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Breach of Plea Agreement Results in New Sentencing Hearing

Most criminal cases are resolved by plea agreement rather than trial. Plea agreements are a critical part of the judicial process. Given the temporal and financial resources expended for a jury trial (including the time expended by court staff, judges, attorneys, jurors, and witnesses), it is not possible for all criminal charges to involve a trial. In most cases, prosecutors and defense counsel can evaluate the available evidence and arrive at a reasonable plea bargain which both satisfies the interests of the state and offers the defendant enough incentive to waive his or her trial rights. Defendants who enter a plea agreement must be able to rely on the promises made in exchange for the agreed plea.

In the recent case of State v. Bright, M2014-01992-CCA-R3-CD (Tenn.Crim.App. 8-31-2015), the Court of Criminal Appeals ordered a new sentencing hearing with a different judge, upon a finding that a prosecutor had breached the plea agreement.

In the Bright case, the defendant had entered an agreement by which he would plead guilty to a felony drug offense (waiving his trial rights). Because sentencing issues remained which were not covered in the agreement, the terms provided that there would be a subsequent sentencing hearing to determine the sentence. But as part of the agreement, the prosecutor promised not to bring up at that hearing or argue that the defendant had pending criminal charges in another county.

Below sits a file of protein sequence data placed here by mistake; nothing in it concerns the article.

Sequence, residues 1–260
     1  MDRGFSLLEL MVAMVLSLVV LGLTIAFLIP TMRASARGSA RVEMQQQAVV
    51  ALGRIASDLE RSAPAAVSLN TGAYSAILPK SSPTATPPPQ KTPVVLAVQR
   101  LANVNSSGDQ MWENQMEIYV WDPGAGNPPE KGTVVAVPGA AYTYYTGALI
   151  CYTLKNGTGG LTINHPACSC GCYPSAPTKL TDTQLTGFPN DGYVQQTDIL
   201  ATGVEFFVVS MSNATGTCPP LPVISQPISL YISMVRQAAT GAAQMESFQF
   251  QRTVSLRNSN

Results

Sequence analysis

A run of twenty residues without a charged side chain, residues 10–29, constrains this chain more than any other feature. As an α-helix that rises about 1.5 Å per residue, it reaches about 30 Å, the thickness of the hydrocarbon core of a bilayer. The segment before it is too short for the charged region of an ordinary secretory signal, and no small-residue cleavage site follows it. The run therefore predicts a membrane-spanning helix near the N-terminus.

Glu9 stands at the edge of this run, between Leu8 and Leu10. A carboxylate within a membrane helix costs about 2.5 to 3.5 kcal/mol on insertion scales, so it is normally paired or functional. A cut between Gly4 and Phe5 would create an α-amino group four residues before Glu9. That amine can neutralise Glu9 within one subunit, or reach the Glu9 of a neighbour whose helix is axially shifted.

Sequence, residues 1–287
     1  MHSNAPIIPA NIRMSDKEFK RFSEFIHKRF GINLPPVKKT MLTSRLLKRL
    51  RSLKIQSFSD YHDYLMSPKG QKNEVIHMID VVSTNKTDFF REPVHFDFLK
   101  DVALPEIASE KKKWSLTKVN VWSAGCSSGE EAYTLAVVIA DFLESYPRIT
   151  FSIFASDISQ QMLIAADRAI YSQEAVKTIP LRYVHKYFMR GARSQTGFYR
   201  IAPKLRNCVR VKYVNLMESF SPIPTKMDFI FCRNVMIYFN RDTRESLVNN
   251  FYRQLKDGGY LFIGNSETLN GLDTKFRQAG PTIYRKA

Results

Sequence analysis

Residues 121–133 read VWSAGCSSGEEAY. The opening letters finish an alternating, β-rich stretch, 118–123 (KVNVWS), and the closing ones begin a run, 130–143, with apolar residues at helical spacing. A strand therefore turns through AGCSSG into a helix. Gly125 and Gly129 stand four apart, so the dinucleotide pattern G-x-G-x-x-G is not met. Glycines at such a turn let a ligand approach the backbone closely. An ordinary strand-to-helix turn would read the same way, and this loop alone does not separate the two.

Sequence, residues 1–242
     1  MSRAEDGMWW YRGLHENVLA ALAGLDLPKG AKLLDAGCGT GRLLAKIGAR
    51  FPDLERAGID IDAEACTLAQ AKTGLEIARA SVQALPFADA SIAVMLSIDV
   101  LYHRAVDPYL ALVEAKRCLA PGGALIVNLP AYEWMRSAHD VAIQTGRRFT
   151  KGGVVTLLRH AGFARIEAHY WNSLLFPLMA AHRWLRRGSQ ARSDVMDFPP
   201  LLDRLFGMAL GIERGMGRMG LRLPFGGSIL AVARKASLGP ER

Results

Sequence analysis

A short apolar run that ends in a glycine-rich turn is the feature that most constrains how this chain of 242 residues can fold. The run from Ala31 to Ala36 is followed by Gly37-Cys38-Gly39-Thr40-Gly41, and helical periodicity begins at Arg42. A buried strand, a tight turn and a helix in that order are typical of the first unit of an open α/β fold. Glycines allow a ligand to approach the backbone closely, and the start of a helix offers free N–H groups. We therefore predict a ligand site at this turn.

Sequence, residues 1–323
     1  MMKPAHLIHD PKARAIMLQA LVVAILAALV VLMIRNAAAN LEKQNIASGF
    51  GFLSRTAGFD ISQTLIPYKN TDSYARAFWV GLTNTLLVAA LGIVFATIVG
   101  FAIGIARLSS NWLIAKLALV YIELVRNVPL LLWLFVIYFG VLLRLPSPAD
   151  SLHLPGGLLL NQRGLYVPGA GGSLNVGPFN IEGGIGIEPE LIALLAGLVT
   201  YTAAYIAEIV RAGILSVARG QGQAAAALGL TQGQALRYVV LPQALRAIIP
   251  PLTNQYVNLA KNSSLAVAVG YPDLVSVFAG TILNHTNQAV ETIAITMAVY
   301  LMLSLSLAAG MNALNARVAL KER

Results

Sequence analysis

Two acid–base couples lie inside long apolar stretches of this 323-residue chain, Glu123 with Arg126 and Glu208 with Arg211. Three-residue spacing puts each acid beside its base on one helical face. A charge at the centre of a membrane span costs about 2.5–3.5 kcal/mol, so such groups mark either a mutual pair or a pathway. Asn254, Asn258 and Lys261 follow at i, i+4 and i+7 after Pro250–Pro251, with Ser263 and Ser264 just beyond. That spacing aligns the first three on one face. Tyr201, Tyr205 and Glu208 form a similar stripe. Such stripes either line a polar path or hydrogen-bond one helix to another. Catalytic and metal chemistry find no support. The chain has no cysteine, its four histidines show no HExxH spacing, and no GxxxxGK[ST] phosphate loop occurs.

When the sentencing hearing occurred, the prosecutor nevertheless elected to cross examine a witness about the fact that the defendant had those pending charges. Then the prosecutor argued the defendant's "record of criminal activity." On appeal of the resulting sentence, the Court of Criminal Appeals determined the prosecutor had breached the plea agreement by bringing up those pending charges which the prosecutor had agreed not to address at the hearing. The remedy was to remand the case for a new sentencing hearing with a different judge, in which those particular charges would not be mentioned or used. Typically, any prior criminal activity is something proper to address at a sentencing hearing. But in this case it was not, as it was one of the terms of the plea agreement that those charges not be used.

For more information on plea agreements in criminal cases, contact Hindman & Associates.

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